No. 27 — July 14, 2000


Weekly Review

--- by Marc Castellano

At a July 8 meeting in Fukuoka on Kyushu, finance ministers of the Group of Seven industrial nations acknowledged that implementation of the G-7 poor-country debt-relief initiative is being held up by a number of obstacles. Secretary of the Treasury Lawrence Summers, Finance Minister Kiichi Miyazawa and their counterparts had gathered in preparation for the July 21-23 summit of the leaders of the G-7 countries plus Russia on Okinawa, where the progress of the watershed loan-cancellation program will be discussed.

In 1996, the International Monetary Fund and the World Bank launched a major effort to reduce the burdensome loan repayment obligations of the world's most destitute nations, identifying 41 developing economies as "heavily indebted poor countries." The so-called HIPC Initiative was designed to help impoverished countries whose overwhelming liabilities were preventing them from meeting the basic educational and health-care needs of their citizens. The initiative made little impact until early 1999, when German Chancellor Gerhard Schroeder issued a statement calling on the industrialized world to forgive all existing official development assistance loans to the HIPCs by December 31, 2000.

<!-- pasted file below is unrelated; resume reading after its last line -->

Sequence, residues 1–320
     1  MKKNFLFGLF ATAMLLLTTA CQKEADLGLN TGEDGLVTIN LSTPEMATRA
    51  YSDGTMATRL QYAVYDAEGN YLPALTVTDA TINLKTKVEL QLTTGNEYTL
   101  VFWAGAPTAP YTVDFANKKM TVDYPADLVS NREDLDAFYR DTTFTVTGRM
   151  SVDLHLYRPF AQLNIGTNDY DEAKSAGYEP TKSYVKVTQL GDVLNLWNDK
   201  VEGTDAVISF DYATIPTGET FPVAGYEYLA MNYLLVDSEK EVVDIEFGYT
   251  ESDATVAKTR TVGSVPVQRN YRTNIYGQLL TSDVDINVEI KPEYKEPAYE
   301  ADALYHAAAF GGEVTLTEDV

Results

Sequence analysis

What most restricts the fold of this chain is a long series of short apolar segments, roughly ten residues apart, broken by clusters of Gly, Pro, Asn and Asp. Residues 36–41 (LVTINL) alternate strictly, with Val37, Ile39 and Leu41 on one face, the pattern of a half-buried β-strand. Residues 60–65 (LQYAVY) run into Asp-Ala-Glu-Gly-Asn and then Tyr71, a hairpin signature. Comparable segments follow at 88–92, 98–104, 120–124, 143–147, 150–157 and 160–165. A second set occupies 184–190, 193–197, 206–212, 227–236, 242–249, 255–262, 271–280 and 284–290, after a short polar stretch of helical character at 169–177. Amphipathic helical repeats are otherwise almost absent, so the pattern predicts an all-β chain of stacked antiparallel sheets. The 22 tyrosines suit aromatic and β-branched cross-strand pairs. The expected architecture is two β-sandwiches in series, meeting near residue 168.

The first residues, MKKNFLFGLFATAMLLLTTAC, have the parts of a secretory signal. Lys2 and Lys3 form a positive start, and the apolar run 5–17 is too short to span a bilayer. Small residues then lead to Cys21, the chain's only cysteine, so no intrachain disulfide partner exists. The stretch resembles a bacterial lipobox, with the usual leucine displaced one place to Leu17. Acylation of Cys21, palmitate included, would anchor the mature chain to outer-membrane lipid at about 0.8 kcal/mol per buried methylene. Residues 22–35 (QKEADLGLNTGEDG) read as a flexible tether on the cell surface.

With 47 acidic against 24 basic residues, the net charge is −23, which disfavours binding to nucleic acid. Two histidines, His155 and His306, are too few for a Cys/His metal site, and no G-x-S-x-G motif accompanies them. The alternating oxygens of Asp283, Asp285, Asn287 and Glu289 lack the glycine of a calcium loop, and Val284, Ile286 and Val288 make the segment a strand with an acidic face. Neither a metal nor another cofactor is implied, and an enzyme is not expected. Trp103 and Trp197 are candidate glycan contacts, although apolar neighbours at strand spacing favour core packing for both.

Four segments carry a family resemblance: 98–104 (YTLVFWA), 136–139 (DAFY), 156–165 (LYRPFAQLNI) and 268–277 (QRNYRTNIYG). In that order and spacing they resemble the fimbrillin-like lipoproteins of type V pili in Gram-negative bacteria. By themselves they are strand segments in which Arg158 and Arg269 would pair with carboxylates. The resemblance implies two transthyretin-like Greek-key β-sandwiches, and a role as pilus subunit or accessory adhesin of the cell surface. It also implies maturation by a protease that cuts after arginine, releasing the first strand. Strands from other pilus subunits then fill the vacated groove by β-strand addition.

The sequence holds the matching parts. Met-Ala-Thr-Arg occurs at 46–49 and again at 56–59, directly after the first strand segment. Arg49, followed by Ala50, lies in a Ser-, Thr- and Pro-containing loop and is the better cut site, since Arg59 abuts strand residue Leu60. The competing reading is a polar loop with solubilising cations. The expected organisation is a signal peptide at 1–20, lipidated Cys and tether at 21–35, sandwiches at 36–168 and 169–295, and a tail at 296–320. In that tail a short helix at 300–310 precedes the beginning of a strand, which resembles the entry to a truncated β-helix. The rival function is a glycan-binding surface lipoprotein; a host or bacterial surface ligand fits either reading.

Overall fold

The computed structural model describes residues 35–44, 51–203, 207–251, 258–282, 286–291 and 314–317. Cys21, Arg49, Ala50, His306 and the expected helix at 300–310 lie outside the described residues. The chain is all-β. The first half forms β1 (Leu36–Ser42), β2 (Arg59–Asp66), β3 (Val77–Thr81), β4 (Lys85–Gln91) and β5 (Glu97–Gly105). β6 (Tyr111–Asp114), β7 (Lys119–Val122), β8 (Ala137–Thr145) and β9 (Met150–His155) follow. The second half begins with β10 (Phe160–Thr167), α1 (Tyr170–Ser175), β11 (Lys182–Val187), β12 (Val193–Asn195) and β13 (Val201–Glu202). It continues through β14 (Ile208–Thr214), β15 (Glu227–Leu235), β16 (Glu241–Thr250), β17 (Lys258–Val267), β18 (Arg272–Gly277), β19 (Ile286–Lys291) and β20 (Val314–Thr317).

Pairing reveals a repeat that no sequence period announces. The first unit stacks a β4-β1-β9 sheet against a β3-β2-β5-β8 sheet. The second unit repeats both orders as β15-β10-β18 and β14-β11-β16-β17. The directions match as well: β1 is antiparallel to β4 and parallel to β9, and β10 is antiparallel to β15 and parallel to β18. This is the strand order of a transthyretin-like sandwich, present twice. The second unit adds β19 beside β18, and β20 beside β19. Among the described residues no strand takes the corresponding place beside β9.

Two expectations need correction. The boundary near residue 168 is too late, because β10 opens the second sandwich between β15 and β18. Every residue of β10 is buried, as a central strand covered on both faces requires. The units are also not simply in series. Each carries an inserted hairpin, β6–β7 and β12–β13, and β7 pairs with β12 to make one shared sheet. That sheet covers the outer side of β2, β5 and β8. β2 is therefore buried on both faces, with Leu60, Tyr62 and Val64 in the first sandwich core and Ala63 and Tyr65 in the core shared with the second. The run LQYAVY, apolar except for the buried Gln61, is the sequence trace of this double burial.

At the June 1999 summit in Cologne, Germany, the G-7 leaders agreed in principle to cancel debts worth some $70 billion owed by the world's poorest countries (see JEI Report No. 24B, June 25, 1999). The agreement came after Japan and France, which together hold nearly 70 percent (44 percent and 25 percent, respectively) of the roughly $20 billion in outstanding G-7 bilateral ODA loans to HIPCs, were satisfied that the burden of implementing the massive loan-cancellation program would be shared by other members. The new plan, in contrast to the original HIPC Initiative, promised faster, broader and deeper debt relief for countries in dire straits. Definitive monetary pledges were secured last September. Implementation was supposed to begin shortly thereafter.

A number of interrelated factors have kept the enhanced HIPC Initiative from getting off the ground (see JEI Report No. 18A, May 5, 2000). First, the process of qualifying debtor nations has taken longer than expected. Second, the debt-relief initiative itself has sparked a heated international debate. The world's most powerful nations disagree on what conditions, if any, should be attached to debt-relief programs. Moreover, the problem of moral hazard has not been resolved, and concerns remain that corruption will defeat the purpose of the initiative. Financing also is an issue.

Although G-7 members have agreed to cancel under various terms and conditions all bilateral debts, writing off multilateral loans will require additional resources. The HIPC Trust Fund, created as a key part of the initiative to finance debt relief from such regional multilateral banks as the Inter-American Development Bank, lacks adequate funding. As of June, the trust fund had secured $2.6 billion in bilateral contributions plus pledges from about 20 countries, but some $25.6 billion more still is needed.